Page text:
Although the shortage, which manifested during COVID, and still continues, other factors were involved, notably compensation.

The salaries and benefits being offered were not tempting enough for many potential workers.

While the right-wing favors cutting benefits to force employees back to work, the more humanitarian approach is to increase remuneration.

First, FICA should be eliminated.

Despite myths to the contrary, FICA pays for nothing. FICA dollars are destroyed upon receipt by the Treasury. Because employers must pay half of FICA, this tax is an employment cost consideration.

Not only are employers forced to cut salaries to make room for FICA, but employer-provided healthcare insurance is an additional employment cost that must be considered when determining salaries.

These costs could be eliminated, salaries could be raised, and more people would come to work, if the federal government funded comprehensive, no-deductible Medicare for all, and took that burden from the salary consideration.

That reduction in labor scarcity would require additional federal deficit spending.

The Federal Reserve plans to raise interest rates several times in 2022.

The Fed’s main objectives are maximum employment, stable prices, and moderate long-term interest rates.

2 percent is the target interest rate, so 7.9 percent over the past year is nearly quadruple that rate.

Interest rate increases will do nothing to achieve maximum employment, nothing to stabilize prices, and of course, nothing to achieve 2% interest rates.

The Fed currently is doing nothing to achieve its three goals. Quite the opposite. The Fed is doing the exact opposite of its stated goals by hoping to “cool” the economy (Fedspeak for recessing the economy).

In short, the Fed is applying leeches to cure anemia.

To fight the economic impacts of the COVID-19 pandemic, the Fed dropped rates to zero.

The Fed has been talking about rate hikes for months. Increases were expected even before Russia invaded Ukraine and impacted oil and raw material costs.

Economists expect up to seven incremental rate increases, beginning with a likely quarter-point raise (25 basis points), according to CNBC. Some economists have suggested the Fed may add 50 basis points on some of these increases.

Why seven increases? How did the Fed arrive at that number? No one knows. 

Consumers have already been hit with high prices on goods like groceries, furnishings, clothing, airline fares, and especially high fuel prices.

IV. Other shortages. Lumber, housing, computer chips, shipping, cars, clothing, airline seats, etc. all are in short supply, and each scarcity could be moderated by well-directed federal spending.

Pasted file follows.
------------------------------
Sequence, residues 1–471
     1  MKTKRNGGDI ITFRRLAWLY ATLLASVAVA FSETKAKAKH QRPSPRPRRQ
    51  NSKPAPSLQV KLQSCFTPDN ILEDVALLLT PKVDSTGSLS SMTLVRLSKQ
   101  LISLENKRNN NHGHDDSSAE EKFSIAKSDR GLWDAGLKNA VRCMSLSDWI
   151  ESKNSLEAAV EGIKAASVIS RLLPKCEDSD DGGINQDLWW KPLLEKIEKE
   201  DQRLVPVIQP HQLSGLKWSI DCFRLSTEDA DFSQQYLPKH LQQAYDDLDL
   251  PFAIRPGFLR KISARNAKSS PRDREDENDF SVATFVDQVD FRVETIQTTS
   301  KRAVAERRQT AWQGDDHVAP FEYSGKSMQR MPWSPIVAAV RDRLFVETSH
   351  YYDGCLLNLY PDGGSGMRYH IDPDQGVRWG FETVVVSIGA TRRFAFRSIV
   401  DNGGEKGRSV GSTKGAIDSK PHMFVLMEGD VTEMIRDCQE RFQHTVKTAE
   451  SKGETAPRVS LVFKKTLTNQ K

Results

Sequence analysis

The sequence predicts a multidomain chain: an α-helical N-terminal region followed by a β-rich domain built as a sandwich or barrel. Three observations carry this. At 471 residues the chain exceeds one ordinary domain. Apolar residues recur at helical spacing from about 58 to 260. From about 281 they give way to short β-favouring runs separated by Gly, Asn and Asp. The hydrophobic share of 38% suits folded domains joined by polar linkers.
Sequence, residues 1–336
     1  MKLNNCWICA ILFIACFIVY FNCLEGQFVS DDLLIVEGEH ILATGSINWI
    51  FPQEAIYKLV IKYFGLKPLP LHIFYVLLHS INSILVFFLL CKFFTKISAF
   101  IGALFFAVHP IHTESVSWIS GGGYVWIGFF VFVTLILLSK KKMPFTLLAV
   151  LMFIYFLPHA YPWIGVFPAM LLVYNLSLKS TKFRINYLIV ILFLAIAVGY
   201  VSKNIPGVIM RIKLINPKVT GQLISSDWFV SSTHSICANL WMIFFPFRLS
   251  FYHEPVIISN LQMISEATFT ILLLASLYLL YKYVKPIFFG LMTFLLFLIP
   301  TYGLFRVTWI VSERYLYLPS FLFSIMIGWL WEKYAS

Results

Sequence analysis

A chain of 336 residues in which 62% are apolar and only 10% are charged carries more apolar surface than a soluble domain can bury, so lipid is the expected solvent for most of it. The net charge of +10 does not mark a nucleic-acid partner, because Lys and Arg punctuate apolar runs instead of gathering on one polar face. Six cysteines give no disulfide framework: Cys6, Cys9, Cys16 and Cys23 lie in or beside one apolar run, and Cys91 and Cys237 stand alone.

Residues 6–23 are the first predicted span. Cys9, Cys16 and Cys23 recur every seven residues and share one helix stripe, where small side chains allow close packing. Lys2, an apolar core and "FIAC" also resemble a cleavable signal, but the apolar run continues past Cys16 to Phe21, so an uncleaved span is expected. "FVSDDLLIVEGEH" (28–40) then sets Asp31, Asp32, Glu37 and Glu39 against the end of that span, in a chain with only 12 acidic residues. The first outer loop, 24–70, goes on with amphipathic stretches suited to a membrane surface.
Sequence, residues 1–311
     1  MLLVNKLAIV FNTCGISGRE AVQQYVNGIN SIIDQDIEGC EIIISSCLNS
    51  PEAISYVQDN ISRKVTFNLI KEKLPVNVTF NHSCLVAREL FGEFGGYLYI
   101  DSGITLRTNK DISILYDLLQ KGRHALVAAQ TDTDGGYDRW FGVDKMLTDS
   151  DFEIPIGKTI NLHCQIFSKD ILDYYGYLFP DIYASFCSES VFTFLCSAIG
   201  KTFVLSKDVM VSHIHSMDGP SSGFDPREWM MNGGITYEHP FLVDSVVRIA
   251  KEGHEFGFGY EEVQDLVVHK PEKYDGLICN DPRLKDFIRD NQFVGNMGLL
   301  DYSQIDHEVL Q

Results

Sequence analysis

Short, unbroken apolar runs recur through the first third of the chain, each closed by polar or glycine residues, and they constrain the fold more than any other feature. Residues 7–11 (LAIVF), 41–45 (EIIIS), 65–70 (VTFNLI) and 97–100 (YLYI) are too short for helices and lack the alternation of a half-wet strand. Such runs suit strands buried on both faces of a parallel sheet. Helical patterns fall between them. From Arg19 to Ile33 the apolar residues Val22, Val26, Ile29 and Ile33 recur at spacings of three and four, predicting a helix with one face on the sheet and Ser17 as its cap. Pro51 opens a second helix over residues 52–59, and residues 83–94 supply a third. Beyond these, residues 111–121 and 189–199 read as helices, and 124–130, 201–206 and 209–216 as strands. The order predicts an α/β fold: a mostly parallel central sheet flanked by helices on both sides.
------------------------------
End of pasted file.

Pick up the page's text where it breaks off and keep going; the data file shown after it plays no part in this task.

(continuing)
Think of any scarcity, and you will have no trouble imagining how the federal government could help cure that scarcity via additional federal spending.

The federal government’s greatest skill is to throw money at a problem. It costs taxpayers nothing; it stimulates the economy; and when properly planned, can help solve the problem.

The proposed interest rate hikes will not increase the supply of oil or food. Nor will they increase the supply of housing, lumber, computer chips, cars, clothing, airline fares, furnishings, shipping, or labor, all of which are in short supply.

Additional deficit spending, not reductions in deficit spending, can reduce the shortages of scarce goods and services. Inflations always are caused by shortages. 

Interest rate hikes will exacerbate those shortages, thus exacerbating inflation. The only possible “benefit” of rate increases (if one can call it a “benefit”) is that it will cut Gross Domestic Product and recess the economy.

A recession isn’t expected due to promising labor markets, but low-income workers will likely suffer.

And there we have it. The usual government response to any emergency is to punish the poor and middle-income classes. When deficits (wrongly) are deemed too high, the first instinct is to cut Social Security, cut medicare, and cut all poverty aids.

So far, it appears that a recession is unlikely in 2022, largely due to the fact that the labor market is strong.

Diane Swonk, the chief economist at Grant Thornton, told CNBC the employment market continues to improve.

However, the Fed must be cautious to avoid raising rates too quickly, which could slow down the economic recovery and lead to higher unemployment.

The labor market is “strong” (i.e., low unemployment) because people must work to pay their high bills. But the labor market is “weak” because there is a shortage of labor.